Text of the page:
DOOM [official site]’s singleplayer campaign was so surprisingly strong that I no longer object to writing the name in capital letters. Of course, it has a multiplayer mode too – as important a part of the Doom heritage as is speed and shotguns – and, were you to believe the marketing, this was the most important element of the new id shooter. With the legions of Hell all defeated, I now turn my attention to real hell: other people.
Note: I’ll be writing separately about the SnapMap level design/sharing tool, once I’ve had a chance to burrow into it properly.
DOOM multiplayer was, I think, inevitably going to differ from the singleplayer in profound ways. For a start, single is all about a powertrip of movement and resilience, whereas no multiplayer game can realistically support every player being on an incessant kill rampage. So the formula instantly changes from Schwarzenegger In Hell to Space Marines Chasing Each Other. This instantly, inescapably renders DOOM’s multi more familiar than its singleplayer. Halo wouldn’t be an unfair touchstone, although the maps are smaller and more maze-like. Actually, as sacrilegious as this sounds, it feels more like Unreal than Quake.
Even the arsenal departs from the id norm to some degree, with some new specialist shooters that don’t fit easy archetypes and don’t feel as satisfying for it. The mainstays of rocket launcher, railgun (though sadly renamed) and shotgun abide, however, and the BFG even puts in sporadic appearances.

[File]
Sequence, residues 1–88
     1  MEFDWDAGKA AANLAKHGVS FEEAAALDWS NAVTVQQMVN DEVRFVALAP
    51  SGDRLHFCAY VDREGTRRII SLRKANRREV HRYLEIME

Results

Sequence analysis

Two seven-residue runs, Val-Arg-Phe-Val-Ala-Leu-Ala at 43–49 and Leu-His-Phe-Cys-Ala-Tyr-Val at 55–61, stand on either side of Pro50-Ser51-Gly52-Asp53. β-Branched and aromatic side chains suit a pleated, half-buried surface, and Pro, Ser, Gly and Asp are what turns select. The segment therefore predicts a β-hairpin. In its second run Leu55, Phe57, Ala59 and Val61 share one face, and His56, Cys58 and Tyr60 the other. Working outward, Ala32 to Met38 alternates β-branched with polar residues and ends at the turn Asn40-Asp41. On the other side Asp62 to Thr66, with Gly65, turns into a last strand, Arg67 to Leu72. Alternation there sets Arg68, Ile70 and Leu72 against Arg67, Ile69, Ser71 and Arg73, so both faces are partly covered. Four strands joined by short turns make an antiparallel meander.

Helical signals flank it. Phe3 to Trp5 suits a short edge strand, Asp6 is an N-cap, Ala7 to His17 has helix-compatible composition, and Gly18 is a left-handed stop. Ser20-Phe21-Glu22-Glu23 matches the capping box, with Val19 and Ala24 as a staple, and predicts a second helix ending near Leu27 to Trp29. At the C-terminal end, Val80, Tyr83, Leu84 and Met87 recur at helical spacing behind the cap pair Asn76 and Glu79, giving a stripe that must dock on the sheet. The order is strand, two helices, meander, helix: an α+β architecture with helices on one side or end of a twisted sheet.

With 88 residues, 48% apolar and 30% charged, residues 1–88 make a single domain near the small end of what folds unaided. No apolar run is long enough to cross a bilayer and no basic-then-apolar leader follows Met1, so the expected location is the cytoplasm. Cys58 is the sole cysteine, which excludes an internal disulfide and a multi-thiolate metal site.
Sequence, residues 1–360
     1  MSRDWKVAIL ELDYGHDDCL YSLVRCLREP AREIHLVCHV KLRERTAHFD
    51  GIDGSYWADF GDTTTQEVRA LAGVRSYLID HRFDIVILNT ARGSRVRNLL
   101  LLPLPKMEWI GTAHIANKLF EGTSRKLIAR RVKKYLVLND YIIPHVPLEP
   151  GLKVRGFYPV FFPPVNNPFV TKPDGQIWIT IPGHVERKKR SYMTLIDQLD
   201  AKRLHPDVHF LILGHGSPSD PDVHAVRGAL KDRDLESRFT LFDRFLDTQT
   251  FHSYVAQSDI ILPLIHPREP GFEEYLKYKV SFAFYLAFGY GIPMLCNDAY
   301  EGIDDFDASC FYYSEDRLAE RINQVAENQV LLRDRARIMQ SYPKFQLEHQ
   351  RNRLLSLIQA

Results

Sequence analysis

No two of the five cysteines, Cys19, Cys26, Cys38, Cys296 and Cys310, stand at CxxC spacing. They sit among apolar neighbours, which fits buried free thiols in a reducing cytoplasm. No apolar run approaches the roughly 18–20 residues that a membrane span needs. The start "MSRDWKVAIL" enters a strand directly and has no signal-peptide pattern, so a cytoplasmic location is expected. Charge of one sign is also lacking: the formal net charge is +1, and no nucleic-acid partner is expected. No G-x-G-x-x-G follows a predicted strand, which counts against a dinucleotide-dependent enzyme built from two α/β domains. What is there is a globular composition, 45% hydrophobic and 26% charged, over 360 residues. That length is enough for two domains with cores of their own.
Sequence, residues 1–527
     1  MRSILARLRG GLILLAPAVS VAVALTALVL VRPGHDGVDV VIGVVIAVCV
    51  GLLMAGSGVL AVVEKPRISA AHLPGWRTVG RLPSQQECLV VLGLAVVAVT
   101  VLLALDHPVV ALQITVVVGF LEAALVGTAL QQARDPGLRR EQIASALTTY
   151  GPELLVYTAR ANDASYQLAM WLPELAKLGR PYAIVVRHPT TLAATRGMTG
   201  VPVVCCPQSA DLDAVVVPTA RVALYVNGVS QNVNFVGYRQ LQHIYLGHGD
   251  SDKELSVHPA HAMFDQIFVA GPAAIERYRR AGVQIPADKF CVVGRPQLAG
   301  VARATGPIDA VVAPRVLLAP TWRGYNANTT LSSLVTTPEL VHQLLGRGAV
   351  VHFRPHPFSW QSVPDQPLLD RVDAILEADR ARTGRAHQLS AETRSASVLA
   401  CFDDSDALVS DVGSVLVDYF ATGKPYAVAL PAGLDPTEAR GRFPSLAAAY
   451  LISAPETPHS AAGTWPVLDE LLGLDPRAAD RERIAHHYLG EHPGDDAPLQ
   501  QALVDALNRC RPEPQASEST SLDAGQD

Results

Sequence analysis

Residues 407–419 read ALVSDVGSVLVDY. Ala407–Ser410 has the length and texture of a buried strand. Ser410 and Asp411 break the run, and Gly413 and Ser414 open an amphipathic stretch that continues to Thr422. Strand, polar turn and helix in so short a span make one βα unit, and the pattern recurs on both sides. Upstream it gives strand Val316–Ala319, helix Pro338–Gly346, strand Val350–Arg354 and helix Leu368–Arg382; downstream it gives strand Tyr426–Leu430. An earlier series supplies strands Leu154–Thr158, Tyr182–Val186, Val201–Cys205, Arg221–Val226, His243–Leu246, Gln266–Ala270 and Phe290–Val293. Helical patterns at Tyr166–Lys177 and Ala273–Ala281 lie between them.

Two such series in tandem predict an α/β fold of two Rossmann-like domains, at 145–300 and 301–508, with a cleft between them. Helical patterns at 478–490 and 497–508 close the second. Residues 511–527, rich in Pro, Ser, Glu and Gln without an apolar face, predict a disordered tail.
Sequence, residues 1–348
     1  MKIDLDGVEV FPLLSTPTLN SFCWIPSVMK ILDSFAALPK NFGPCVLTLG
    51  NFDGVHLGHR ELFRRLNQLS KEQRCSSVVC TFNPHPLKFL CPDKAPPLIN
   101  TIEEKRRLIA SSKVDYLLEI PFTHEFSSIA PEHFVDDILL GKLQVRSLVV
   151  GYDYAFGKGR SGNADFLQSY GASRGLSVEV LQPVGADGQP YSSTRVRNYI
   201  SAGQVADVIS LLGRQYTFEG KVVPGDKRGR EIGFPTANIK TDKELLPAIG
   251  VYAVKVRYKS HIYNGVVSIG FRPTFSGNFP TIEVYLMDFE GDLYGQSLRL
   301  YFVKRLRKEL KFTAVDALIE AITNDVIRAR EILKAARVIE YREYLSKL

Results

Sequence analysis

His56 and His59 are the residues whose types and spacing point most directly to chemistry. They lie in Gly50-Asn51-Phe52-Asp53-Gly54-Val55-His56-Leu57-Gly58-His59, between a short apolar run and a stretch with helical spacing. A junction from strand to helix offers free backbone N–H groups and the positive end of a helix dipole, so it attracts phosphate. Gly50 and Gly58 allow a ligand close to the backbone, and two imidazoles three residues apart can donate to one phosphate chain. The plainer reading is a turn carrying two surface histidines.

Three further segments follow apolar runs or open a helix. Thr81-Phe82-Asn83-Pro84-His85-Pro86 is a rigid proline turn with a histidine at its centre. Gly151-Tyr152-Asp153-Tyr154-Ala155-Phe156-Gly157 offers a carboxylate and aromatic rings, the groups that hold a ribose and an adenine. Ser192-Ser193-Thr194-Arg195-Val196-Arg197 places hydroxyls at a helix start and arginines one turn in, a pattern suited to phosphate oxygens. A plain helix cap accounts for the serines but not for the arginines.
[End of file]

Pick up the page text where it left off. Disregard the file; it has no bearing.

Unfortunately sniper weapons have already seized control of the game, so don’t expect an easy ride if you’re a novice, but balancing that out somewhat is that the speed and mobility (yay doublejump) afforded to every player thanks to DOOM’s wonderful movement means you can close the gap on a camper within moments. You really will need to familiarise yourself with the lightspeed headshot if you want to go far in this, though.
This speaks to another major change from singleplayer, which is that the multiple and delightfully overpowered alt-fire modes for the weapons have been all but stripped away in favour of the most vanilla options – there’s not much more going on than scopes and premature rocket detonations. Whether this is because, for instance, locking three rockets onto three people simultaneously was deemed to be brutally unfair or because the netcode could not realistically support it I don’t know, but it does mean that multiplayer lacks the bug-eyed insanity of singleplayer, and instead forces players into more tried and tested behaviours.
However, it also lacks the purity of traditional Doom or Quake multiplayer, partly because the array of weapons is muddier, partly because timed pick-ups temporarily turn the first player to grab them into a demon (more on that shortly) but mostly because it’s hung around the now-traditional experience and unlock system.
This ringfences a few weapons until you level up a dozen or so times (just a couple of hours’ play, really) but in the longer-term randomly doles about new character customisation options and one-shot power-ups, such as bonus XP for assist kills or temporary tracking of your most recent killer’s location. Everything does something very similar now, and I’m an old man if I begrudge it, but it does rankle to see something with so much competitive heritage hitched up to a Skinner box. Can’t it be enough to just want to win? Young people today, etc.